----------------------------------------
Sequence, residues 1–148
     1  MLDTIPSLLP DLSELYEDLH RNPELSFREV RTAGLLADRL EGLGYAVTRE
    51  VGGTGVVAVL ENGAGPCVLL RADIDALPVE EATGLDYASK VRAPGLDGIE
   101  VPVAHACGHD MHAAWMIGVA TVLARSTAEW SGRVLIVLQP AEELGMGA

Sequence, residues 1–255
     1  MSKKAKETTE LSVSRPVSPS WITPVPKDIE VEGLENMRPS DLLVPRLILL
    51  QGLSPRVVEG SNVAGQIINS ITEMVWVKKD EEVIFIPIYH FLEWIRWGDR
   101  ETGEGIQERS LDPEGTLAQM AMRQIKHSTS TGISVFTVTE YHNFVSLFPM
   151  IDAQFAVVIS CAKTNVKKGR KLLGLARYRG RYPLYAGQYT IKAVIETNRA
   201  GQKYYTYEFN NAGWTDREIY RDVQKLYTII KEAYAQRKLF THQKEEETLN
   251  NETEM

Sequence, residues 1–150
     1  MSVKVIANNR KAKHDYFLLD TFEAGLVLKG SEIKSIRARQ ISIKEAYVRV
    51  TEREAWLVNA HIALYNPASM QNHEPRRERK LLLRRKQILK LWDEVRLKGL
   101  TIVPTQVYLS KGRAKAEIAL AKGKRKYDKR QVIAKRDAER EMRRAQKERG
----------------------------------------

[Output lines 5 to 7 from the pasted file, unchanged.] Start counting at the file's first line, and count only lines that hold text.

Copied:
Sequence, residues 1–255
     1  MSKKAKETTE LSVSRPVSPS WITPVPKDIE VEGLENMRPS DLLVPRLILL
    51  QGLSPRVVEG SNVAGQIINS ITEMVWVKKD EEVIFIPIYH FLEWIRWGDR